Monday, February 28, 2011

Cortland Hopkins 1914–2011

My 96-yr-old grandpa passed away this weekend. I treasure the regular phone calls we shared these past few years. Interviewing him about his WWII service was a fantastic way for us to connect. Last November he had an absolute blast with his book signings and the unexpected media attention. Cortland was the friendliest guy you could ever meet, was an active volunteer in his church and community, and was admired by all who knew him. Anyone would be lucky to lead a life as long and as full as his.

Tuesday, February 22, 2011

More WWII Tampico Flats photos

Peter Sloboda was a member of the 280th Port Company of my grandfather's 519th Port Battalion. I recently received some of his war time photos. These show Tampico Flats, the apartment building that was home to the 517th and 519th port battalions while in Antwerp, Belgium. Click images to see a larger version.
I like this scene. Judging by the winter fatigues, I suspect that the shot was taken shortly after the battalion arrived in Antwerp in November of 1944. Note the carbines, which were the standard firearm of the port company troops.

Isidore Primis (left) and Peter (right) with a barrage balloon. Note the arc painted on the face of the GI's helmet. This marking was characteristic of unit in the 1st Engineer Special Brigade.

Peter also has photos of his train ride from Utah Beach to Antwerp. I'll post those shots later.

Sunday, February 20, 2011

229th Port Company, 490th Port Battalion roster

I have been talking with Charles Sprowl a veteran of the 490th Port Battalion. The 490th was an African-American unit serving in the US Army's Transportation Corps during WWII. Charles saved the roster for his company, the 229th Port Co. I'm reproducing the list here in the hopes that family members find dad or grandfather in the list of names. I want connect people with the remarkable service of the WWII port companies.

My book Longshore Soldiers is a history of my grandfather's 519th Port Battalion. Although a separate unit, the 519th served alongside the 490th on Utah Beach, performed the very same duties, and experienced the same dangers. I wrote a brief history of the 490th on this blog. If you see your family member in the list below, because there is a documentary which includes a discussion of the 490th. The History Channel film, A Distant Shore, features Charles and several other members of the 490th.

Charles' roster separates the names by platoon.

John M. Sutton (First Lt.) • George W. Crowder • Alphonsa L. Wiggins • Charles D. Noriega • Walter E. Dawson • George N. Gonsalves • Osie Doster • Fred L. Dowell • Floyd McDowell • Fred D. Bell • Neal B. Embry • Eddie B. Jenkins • Andrew Vincent • Roy L. Rankins

Service Section
William J. Tillman • Alfred A. Allen • Eugene L. Isaac • Sam V. Viverett • Peavy W. Sullivan • Luther Hill • Vernon Vann • Robert C. Crawford • Eddie Reeder • Leroy Sims • Rogers Mostella • Dan Williams • Norval P. Rollins • Thomas E. Wilson • Charles B. Howard • Joe E. Cotten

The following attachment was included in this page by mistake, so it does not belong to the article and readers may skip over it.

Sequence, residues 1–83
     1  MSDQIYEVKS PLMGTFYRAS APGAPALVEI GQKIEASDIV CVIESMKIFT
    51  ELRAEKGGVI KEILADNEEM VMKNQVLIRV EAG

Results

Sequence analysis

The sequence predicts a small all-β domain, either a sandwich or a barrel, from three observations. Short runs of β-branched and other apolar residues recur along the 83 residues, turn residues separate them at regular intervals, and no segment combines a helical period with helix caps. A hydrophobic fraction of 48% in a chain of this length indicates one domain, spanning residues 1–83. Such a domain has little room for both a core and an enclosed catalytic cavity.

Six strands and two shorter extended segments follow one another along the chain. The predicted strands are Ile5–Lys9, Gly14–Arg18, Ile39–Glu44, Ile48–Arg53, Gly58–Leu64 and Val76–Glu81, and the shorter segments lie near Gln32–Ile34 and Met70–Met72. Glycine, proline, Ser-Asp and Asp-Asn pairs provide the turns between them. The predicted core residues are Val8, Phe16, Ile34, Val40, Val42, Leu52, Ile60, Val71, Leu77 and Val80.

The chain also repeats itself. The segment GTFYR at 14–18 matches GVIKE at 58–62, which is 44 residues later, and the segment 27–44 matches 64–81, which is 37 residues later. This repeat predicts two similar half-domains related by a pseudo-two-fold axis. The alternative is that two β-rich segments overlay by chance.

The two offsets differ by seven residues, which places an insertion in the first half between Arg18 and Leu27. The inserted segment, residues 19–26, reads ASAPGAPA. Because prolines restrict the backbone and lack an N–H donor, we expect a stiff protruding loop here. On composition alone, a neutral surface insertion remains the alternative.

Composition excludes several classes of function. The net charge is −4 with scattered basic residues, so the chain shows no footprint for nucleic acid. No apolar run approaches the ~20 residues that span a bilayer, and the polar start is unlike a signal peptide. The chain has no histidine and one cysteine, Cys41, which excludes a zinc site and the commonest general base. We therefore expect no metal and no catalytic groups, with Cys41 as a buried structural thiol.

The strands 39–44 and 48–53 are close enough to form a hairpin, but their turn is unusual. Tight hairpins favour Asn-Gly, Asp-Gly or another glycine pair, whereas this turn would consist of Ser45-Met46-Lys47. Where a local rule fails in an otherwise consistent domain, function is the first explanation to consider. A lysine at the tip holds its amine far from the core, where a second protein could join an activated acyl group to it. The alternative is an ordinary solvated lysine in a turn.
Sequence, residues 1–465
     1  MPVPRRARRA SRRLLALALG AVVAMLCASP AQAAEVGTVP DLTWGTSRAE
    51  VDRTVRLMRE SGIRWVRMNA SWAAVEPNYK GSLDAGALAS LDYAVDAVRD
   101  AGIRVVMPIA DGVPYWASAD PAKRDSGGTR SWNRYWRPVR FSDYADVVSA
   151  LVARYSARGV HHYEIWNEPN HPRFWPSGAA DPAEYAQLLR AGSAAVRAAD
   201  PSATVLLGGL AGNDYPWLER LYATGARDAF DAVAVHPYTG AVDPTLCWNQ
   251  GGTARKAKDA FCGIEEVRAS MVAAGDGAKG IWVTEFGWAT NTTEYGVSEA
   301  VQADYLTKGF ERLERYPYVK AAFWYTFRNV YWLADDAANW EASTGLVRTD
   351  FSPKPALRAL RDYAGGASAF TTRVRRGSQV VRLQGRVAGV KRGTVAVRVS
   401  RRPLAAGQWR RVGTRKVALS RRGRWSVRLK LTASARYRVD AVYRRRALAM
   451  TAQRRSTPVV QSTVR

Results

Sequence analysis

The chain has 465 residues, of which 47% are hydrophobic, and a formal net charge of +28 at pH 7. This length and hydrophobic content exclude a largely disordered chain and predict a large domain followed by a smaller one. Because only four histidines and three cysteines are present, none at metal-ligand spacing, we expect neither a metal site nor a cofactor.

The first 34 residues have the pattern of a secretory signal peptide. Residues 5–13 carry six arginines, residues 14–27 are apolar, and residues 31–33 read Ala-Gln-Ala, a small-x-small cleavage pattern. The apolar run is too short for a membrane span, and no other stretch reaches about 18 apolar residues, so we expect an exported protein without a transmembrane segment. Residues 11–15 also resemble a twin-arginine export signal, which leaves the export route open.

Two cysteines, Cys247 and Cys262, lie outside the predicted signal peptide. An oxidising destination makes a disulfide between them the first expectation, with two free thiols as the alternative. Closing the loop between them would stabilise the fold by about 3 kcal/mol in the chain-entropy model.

1st Platoon
Robert E. Jackson (Second Lt.) • James W. Wanza • Marquis A. King • Earnest J. Lizana • Walter Ramsey • Richard Simms • Edward H. Morris • David McKinney • Robert A. Self • Robert L. Gardner • Benjamin Horne • George Cook • J. T. Brent • William W. Jones • Emmett Spell • Charlie Gooch • Eddie Perkins • Arelius Bivins • M. L. Newsom • Edward L. Smith • Roosevelt King • Ralph Daniels • John H. Moton • Clarence Youngue • Frank Warren • Primus Strong • Cornelius Williams • James L. Ritchie • James S. Williams • Felix Turner • Ralph N. Johnson • Arthur L. Sloan • Claude Graham • Vergil L. Dillon • Oscar L. Oliver • Frank Norwood • Lester Lewis • Henry Brinkley • Willie W. McCarver • Charles R. Porter • Edgar Porter • Fancher L. Clark • Howard Johnson • J. C. Williams • Clayborn W. Hooks • J. V. Lomax • James E. Rankins • Nathaniel Oliver • Walter E. McGowan • Willie H. Roseberry • Walter I. Trabue • Thurmon Harvey • Harry L. Sinclair • Earnest Taylor • William Parker • James H. Latiker • Willie R. Maxwell • Clennon Longmire • James E. Hill • William G. Richards • William F. Patton • Lonnie Harris • Banker Sargent • Charlie A. Broach • M. C. Brock

2nd Platoon
Willam J. Kilduff (Second Lt.) • Bernice Knox • Edward McGhee • Harold J. Wilson • Willie E. Harlow • James McRee • Theo McKeever • Cecil Mickles • Zanders Kelly • Frank Thornton • Willie J. Walker • Arthur Barnes • George W. Matlock • James Brown? • McKinley Barnes • Edward Jones, Jr. • Marck C. Tarver • Gilbert H. Thomas • Nathaniel Triplett • James Williams • Eddie L. Tyner • Eddie L. Tyner • Roosevelt Tolbert • Eddie L. Westbrook • Jessie D. Brandon • Donnie Young • Edward Jakes • James Taylor • Charles Warren • Homer W. Moffett • Ed Couch • Austin R. Milne • Alphonzo Scott • Woodrow Jones • L. C. Williams • Walter D. Phillips • Samuel C. Thomas • Anderson B. Perry • Nathan L. Williams • Thomas C. Mucker • Amvell Price • Lewis Ross • Clyde Evans • George P. Wright • Jack Hall • Ellie H. Marshall